birther (n.): one who believes that Barack Obama is not an American citizen and is therefore ineligible to serve as President. After a welcome hiatus, the word birther found itself in the top search trends this week, courtesy of Donald Trump circling back to a favorite pastime: stoking doubts about where the President was born. The construction follows in the footsteps of truther, a term for those who believe the U.S. government was somehow behind 9/11. Birther is often used derisively, suggesting that the person in question is a quack-a-doodle conspiracy theorist rather than merely a subscriber to certain beliefs, like a GOP-er or a meat-eater.
princeling (n.): in China, a relative of current or former senior officials who has amassed vast wealth, often playing a central role in fields that are closely entwined with the state. This definition is adapted from David Barboza and Sharon LaFraniere’s recent New York Times article on the “princeling” culture. The word princeling can simply refer to a young prince but can also carry a derogatory tone, implying that said prince is unworthy of his realm; it’s been used to refer to such beneficiaries of China’s recent economic boom for at least 20 years.
consumer jihad (n.): a consumer boycott of a brand associated with Western influences and policies. In an upcoming article from the Journal of Consumer Research, University of Michigan—Dearborn professor Elif Izberk-Bilgin investigates how certain products “become targets of religiously charged consumer activism.” She calls these “infidel brands” and the phenomenon “consumer jihad.” Among her Islamic Turkish subjects, she found objections to Nestlé, Coca-Cola and McDonald’s—despite the cultural olive branch that is the McTurco®.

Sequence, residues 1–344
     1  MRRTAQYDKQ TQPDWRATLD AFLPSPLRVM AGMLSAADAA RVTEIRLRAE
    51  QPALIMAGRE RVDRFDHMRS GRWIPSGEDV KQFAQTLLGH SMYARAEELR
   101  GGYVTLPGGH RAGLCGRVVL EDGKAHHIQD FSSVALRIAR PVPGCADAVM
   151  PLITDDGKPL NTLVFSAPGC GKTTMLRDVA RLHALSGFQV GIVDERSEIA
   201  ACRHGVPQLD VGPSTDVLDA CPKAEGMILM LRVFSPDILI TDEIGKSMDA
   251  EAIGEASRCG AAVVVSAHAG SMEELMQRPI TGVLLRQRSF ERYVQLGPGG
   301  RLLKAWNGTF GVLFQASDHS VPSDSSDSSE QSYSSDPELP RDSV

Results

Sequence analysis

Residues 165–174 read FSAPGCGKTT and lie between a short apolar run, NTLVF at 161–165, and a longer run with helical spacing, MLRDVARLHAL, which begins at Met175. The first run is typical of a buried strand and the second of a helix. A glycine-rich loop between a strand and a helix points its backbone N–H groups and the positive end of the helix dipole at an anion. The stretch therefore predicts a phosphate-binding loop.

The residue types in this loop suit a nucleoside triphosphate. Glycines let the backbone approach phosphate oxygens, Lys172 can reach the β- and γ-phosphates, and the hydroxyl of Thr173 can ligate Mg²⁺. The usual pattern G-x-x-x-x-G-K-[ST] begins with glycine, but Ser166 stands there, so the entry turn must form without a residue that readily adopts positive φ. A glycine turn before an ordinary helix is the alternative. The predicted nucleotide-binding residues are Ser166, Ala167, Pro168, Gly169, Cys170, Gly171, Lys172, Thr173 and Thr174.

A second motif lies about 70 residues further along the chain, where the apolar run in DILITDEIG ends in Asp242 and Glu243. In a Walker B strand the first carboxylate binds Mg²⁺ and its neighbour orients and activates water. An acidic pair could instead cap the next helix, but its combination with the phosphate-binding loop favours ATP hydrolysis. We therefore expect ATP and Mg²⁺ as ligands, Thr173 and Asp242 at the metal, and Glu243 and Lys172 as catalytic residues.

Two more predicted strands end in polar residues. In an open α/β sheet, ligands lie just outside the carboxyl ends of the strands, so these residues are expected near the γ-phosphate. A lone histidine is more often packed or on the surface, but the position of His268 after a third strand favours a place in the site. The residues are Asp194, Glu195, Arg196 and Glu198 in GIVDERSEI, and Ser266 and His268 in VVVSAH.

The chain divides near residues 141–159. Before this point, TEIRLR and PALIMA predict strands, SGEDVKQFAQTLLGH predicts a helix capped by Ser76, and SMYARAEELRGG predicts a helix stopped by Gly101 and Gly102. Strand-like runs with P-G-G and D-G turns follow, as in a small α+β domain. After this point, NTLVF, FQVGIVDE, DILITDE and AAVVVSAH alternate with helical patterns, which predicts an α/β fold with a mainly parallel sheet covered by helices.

fartlek (v.): to occasionally increase the intensity of one’s workout’s through the use of intervals. In a recent TIME Q&A with author Gretchen Reynolds, she explains that the word is derived from the Swedish for “speed play” and provides the example of fartleking while jogging (which sounds like it would shame you in front of your neighbors but is apparently good for getting faster and fitter). “If you are a runner,” she says, “you look for a tree maybe 100 yards away and speed up, sprint to the tree and then slow down.” Then you talk as much as possible the rest of day about how awesome you fartlek.
have someone’s six (v., slang): to be able and willing to support or defend someone. This is aviator lingo, derived from the language pilots have used to describe where other aircraft, etc., are in reference to their planes. Straight ahead is twelve o’clock; back behind, where you can’t really see what’s going on, that’s six o’clock. Hence, the much-needed guy on your rear “has your six.” The entertainment industry co-opted the term for their charity Got Your Six. In the new PSA, we learn that the likes of Tom Hanks has got the military’s six—and are humbly reminded that looking at his back is more interesting than looking at most people’s faces.